Join David Gassner for an in-depth discussion in this video Using the exercise files, part of Android 6.0 New Features for Developers.
This course is accompanied by Exercise Files that you can use to follow along with many of the demonstrations. I've copied the Exercise Files to my desktop, but you can place them anywhere on your hard disk. The Exercise Files are organized by chapter. Within each chapter you'll find some folders named for the particular videos. For example, the first video in chapter 2 will have a folder named 02.01, and under that you'll find folders which are designed as Android Studio projects.
You can identify an Android Studio project by looking at the folder's contents. You'll find folders named app and gradle and files named build.gradle and gradle.properties. To open any of these Android Studio projects go to the Android Studio Welcome screen. Click Open an existing Android Studio project and then navigate to your Exercise Files folder. Then drill down to the folder for that video, choose the folder for that project, and open it.
The first time you open any of the projects from the Exercise Files folder it might take a while, while Android Studio downloads certain required components, but after you've successfully opened that first project, the rest of the projects should open very quickly. You can look at the structure of the projects by going to the Project window, and to see the actual structure of the files and folders, select the Project View. Then open the folder for that project. The actual project files are a few folders down.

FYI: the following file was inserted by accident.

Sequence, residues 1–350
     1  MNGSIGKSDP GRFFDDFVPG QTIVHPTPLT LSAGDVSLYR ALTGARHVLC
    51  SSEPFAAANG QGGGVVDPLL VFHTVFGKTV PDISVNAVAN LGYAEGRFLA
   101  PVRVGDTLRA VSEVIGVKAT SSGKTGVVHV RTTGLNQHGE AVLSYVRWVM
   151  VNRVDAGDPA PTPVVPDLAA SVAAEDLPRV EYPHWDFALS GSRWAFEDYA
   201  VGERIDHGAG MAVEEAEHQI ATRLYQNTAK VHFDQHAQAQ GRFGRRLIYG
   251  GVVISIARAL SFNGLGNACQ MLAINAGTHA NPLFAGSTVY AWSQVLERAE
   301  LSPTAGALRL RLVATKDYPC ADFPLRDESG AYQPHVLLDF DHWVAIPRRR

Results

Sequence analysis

Go to app, then source, and then main, and you'll find subfolders for Java code, for resources, and for assets. To see a filtered view of all of these files and folders, choose the Android View, and that will show you only the files and folders that you'll typically use on a day-to-day basis, including the AndroidManifest, your Java classes, resources, and for some projects, assets. Once you've opened a project successfully, you should then be able to run it on a physical device that you've connected to your computer with USB debugging or to a virtual device that you've created through the AVD Manager.
In addition to the beginning projects, I've also included a Solutions folder. This has the same set of folders and subfolders, but these are the finished projects for any projects where I've done work during the demonstration. Also, for many of the demonstrations in this course I'm doing walkthroughs of existing code samples from Google. You can get to those code samples through the Welcome screen by choosing Import an Android code sample. From there, you can scroll around to look for the code samples you're interested in, or if you know what you're looking for, you can type a string in the text box.
So, for example, if I type direct share, that will take me to two different sample app records. You can download and import the project directly from this screen or you can click the link to browse the source for the project in GitHub. So that's a look at how to use the Exercise Files that I've included with the project and how to import sample applications directly from Google.
In this short training course, David Gassner shows how to authenticate users using device credentials or the fingerprint scanner, configure apps for backup, test backups to Google servers, and use app links, website associations, and voice interactions. Plus, learn how to control data display in activity layouts with the new data-binding framework.